How to tidy up an unruly garden

Rain, wind, sun, rain, wind, sun: this summer’s varied weather has led to a lot of lank growth, which means things are flopping all over the place, or running amok. I certainly have some geraniums intent on taking over the world. Right now, these plants, whether in a window box or a flowerbed, often need a gentle tending to so that your plot can gracefully recline in early autumn with dignity.

It can be daunting to know where to start when your garden starts to take on a life of its own. Don’t panic. First, brew a cuppa and take a proper look at the whole space, in full: what do you want to highlight; what should be thinned; what needs to go completely? Then, I work in sweeps. First, I go through and stake anything that needs a helping hand – often it’s the tall stuff, such as sunflowers, asters, dahlias and herb fennel. Then I deadleaf anything that is scorched, rotting or too tattered, particularly large-leafed plants, such as courgettes, brassicas or rhubarb, that have older leaves sitting on the surface of the soil. A large, rotting leaf is a slug mecca, and by keeping the base of the plant free you can eliminate a lot of damage.

Then I gently correct anyone who’s not being a good neighbour. I have a lot of self-seeded oats that I grow for herbal medicine, and these tend to lean on to their nearest around now, so a little judicious pruning can make a surprisingly big difference to how dishevelled the garden looks.

Likewise, it may be necessary to thin or prune back any self-seeders that are taking up too much space or are going to rain down so much seed that next year will be spent exclusively weeding out the next generation. Nasturtiums, opium poppies, honesty, Angelica gigas, verbascum, orachs, feverfew, salad rocket, mallows or valerians all have a habit of this.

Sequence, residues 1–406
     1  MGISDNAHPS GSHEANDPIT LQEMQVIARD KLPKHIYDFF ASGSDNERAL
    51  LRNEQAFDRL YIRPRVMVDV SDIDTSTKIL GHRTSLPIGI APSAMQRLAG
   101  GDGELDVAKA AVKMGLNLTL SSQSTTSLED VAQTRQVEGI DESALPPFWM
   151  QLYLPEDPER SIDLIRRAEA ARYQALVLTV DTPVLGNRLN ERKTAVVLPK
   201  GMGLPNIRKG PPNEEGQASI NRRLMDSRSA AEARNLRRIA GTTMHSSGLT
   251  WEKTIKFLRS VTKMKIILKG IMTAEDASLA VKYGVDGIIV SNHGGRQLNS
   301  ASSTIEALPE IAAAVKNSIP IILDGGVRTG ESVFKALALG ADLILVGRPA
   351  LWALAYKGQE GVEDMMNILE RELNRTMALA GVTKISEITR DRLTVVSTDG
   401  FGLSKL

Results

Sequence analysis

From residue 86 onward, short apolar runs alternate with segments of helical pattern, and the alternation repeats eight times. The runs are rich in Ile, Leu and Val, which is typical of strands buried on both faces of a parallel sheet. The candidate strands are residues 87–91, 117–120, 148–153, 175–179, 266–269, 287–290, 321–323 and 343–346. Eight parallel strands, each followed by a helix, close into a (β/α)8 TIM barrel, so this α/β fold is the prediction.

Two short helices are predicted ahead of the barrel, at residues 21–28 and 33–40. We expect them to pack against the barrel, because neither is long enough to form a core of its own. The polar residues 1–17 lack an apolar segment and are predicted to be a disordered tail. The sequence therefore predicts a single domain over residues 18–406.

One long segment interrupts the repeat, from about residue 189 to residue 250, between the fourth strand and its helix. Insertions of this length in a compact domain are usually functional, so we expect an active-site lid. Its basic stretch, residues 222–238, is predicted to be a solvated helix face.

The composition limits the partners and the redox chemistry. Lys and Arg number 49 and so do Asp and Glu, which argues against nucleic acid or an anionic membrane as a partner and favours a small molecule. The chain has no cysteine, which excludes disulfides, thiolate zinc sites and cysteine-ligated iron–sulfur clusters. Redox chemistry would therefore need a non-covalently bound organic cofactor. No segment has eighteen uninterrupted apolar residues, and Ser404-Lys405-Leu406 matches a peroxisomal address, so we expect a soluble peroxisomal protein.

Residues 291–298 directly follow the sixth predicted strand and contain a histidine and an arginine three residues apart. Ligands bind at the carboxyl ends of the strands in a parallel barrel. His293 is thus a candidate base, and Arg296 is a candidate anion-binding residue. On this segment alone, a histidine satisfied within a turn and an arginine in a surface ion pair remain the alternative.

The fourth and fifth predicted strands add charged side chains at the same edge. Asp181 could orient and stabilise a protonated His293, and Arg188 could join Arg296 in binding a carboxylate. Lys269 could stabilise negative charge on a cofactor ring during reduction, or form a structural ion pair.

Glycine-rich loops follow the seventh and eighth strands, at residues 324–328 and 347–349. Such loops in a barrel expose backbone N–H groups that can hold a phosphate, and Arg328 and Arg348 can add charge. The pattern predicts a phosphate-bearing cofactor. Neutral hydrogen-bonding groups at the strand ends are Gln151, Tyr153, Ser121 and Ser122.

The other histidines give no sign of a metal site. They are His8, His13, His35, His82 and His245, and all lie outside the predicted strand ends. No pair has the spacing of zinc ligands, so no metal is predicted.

If you cut back short-lived species – such as red valerian, Centranthus ruber and its pure white form C. ruber ‘Albus’ – hard towards the end of this month to stop them from setting seed, then you can stimulate vegetative growth, which means the plants will stick around that bit longer next year.

However, deadheading of other things needs to be thought out, because if you want to collect seed, then you want it to ripen in the usually good spell of early September weather and not in the wet that follows. This means you should stop deadheading towards the end of this month. This is particularly true for dahlias, which are surprisingly easy to grow from seed and flower in their first year, and runner/french beans that you might want for dried beans to eat over winter.